One of Google’s Top Programmers Has Made STEM Diversity a Philanthropic Cause

Jeffrey Dean is one of the unsung heroes of Google’s success, and kind of a living legend in the tech community. He and his wife’s nascent philanthropy is targeting the stark lack of diversity in his field.

At Google’s headquarters, whispers follow software engineer Jeff Dean’s path. His title is the unassuming Senior Fellow in the Research Group, but Dean’s been with the company since there were only about 20 employees, and he’s been credited with programming advances that made Google’s search so fast and even defined a lot of the modern web. These days he works on the company’s leading edge development in deep machine learning and artificial intelligence

Dean has developed such a reputation as one of Google’s most valued software engineers, in fact, that there was once a series of Jeff Dean Facts, in the tradition of Chuck Norris Facts, that Googlers and ex-Googlers swapped online.

“Jeff Dean writes directly in binary. He then writes the source code as documentation for other developers.” (That’s one of the few I didn’t need to look up.) 

The tall tales also surround his pay grade, with unsubstantiated speculation that he makes $3 million a year. True or not, anyone who’s been with Google since 1999, much less someone with his record, is doing alright.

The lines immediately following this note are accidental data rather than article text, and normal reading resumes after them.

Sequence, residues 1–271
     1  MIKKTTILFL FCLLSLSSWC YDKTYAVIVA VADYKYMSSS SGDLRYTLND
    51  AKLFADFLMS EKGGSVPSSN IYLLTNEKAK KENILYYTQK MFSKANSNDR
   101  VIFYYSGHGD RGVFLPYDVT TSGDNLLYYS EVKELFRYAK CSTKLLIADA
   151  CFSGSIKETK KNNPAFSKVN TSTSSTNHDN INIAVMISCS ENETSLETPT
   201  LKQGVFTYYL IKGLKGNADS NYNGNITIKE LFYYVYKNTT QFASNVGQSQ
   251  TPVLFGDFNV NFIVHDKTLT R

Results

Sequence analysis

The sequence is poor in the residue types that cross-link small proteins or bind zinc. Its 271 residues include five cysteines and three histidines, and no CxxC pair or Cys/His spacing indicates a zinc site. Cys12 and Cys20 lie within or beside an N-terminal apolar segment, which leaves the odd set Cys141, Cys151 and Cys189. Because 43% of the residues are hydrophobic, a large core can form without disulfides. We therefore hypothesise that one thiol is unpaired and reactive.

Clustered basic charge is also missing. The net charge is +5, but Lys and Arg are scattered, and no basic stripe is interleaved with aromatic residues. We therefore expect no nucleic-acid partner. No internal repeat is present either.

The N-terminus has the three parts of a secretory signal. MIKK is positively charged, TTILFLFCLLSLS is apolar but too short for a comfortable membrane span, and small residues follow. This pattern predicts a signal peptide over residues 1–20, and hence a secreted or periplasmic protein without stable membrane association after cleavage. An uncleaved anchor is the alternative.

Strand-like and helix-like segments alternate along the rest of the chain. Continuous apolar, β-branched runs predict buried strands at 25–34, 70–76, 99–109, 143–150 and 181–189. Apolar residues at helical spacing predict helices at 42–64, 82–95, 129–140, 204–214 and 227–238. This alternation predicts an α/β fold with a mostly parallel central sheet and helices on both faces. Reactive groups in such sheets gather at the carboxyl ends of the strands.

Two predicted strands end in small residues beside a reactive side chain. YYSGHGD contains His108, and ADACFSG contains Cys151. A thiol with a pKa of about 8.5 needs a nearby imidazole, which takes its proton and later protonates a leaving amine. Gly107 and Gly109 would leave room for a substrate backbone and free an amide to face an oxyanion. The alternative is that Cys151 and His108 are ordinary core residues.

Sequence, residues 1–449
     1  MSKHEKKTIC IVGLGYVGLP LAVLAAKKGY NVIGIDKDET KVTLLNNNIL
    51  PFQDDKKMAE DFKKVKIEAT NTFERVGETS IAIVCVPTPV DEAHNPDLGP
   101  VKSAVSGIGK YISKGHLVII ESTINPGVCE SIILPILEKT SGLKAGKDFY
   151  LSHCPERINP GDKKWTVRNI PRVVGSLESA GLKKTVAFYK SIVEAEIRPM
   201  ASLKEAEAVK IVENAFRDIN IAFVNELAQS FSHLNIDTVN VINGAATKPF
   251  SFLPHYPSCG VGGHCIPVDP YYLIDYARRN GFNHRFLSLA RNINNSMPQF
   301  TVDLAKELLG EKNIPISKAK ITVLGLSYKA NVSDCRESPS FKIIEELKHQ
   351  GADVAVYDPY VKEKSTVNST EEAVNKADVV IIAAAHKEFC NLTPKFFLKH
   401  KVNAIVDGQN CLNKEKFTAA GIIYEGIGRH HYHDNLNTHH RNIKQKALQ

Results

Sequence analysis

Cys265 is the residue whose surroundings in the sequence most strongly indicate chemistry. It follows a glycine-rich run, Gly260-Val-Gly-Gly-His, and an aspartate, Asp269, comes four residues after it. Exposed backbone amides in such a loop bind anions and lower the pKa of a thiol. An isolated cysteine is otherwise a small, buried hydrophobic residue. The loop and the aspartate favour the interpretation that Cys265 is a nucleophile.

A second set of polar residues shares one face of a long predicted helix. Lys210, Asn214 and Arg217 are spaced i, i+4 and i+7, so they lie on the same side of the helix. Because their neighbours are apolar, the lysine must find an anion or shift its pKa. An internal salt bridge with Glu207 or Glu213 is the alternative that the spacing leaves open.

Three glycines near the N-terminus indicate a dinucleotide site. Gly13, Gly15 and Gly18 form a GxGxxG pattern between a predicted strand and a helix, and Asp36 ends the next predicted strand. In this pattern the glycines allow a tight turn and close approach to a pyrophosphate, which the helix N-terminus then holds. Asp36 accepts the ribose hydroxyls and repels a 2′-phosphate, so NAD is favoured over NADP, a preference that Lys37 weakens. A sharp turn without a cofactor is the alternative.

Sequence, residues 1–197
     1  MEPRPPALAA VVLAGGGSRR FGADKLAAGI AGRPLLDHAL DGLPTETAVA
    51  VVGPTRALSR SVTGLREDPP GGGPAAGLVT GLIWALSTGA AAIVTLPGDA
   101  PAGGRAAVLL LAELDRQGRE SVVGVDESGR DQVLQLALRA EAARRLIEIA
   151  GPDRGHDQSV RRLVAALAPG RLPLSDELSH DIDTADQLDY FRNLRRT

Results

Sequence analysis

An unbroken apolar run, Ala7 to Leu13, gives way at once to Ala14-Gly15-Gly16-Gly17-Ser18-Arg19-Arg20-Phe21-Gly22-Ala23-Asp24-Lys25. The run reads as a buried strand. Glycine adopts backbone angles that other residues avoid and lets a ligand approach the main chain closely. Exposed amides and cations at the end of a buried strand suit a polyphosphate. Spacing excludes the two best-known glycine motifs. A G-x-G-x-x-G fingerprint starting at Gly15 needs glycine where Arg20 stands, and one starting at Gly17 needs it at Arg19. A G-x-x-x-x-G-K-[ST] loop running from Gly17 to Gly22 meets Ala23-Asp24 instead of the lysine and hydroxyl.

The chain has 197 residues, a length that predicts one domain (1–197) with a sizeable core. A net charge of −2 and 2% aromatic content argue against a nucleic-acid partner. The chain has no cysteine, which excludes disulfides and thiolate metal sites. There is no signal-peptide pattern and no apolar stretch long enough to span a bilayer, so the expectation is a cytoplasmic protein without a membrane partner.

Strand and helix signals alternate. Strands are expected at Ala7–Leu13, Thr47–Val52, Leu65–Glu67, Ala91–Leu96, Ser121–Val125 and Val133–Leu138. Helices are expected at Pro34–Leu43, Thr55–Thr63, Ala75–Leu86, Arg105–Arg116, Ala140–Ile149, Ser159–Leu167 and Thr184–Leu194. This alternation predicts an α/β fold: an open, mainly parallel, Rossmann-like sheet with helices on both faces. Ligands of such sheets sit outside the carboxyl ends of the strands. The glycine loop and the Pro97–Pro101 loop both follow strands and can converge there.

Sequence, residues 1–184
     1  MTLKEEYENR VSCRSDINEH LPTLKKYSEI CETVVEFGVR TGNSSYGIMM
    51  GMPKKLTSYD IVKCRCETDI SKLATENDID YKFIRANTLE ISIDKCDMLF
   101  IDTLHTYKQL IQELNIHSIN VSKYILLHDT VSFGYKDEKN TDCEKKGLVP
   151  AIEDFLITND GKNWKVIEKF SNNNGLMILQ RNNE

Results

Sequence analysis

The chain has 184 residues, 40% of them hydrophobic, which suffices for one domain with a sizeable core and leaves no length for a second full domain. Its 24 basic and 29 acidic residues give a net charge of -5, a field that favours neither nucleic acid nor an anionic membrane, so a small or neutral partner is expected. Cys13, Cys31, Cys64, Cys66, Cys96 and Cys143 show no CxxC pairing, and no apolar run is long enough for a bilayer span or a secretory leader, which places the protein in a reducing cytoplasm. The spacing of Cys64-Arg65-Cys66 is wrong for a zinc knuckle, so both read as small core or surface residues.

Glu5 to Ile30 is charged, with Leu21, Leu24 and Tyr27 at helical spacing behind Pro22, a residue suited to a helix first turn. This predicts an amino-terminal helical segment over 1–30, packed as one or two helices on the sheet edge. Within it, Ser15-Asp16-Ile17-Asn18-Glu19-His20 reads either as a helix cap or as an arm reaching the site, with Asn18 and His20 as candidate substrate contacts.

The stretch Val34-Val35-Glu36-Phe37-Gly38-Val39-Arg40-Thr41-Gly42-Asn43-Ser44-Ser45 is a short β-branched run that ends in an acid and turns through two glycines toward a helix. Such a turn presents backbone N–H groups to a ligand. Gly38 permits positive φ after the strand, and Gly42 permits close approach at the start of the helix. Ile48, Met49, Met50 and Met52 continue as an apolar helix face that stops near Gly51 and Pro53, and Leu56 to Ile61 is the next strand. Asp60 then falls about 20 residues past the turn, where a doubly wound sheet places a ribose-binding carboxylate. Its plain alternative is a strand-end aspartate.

As such, we’re starting to see Dean and his wife Heidi Hopper’s names appear in philanthropic news. And considering Dean’s just in his late 40s, we’re probably going to see a lot more of them. One of the couple’s causes is diversity in STEM, and just this year, their Hopper-Dean Foundation has given two $1 million grants for programs at top schools. 

At MIT, funding will go toward a series of programs to diversify electrical engineering and computer science, including the school’s Society of Women Engineers chapter, and enrichment and career exploration programs for middle and high school students in the area. At UC Berkeley, the same amount is backing diversity initiatives in computer science, supporting high school education and attracting CS majors from diverse and disadvantaged backgrounds. 

The couple’s foundation is just getting started, first making grants in 2011 and growing to $650,000 in 2014 giving, supporting various alma maters, fellowships, and educational programs like Khan Academy. But if these two 2016 grants are any indication, not to mention the trend we’re seeing of young tech moguls jumping right into philanthropy young, things are going to pick up. 

Diversity in STEM is a fitting cause for the couple, as lack of diversity is one of the biggest failures of tech giants like Google.  


In 2014, Google first released its diversity statistics, along with a commitment to improve the numbers that confirmed what everyone already knew about the sea of white dudes in Silicon Valley. That year, men made up 70 percent of Googlers, 83 percent of its tech positions, and 91 percent of the staff were white or Asian. The company committed $150 million to the problem in 2015, and has made slight gains so far.

Dean has used his programming wizardry to solve a lot of Google’s problems over the years. Now he’s using some of the windfall he’s made in the process to work on one big one.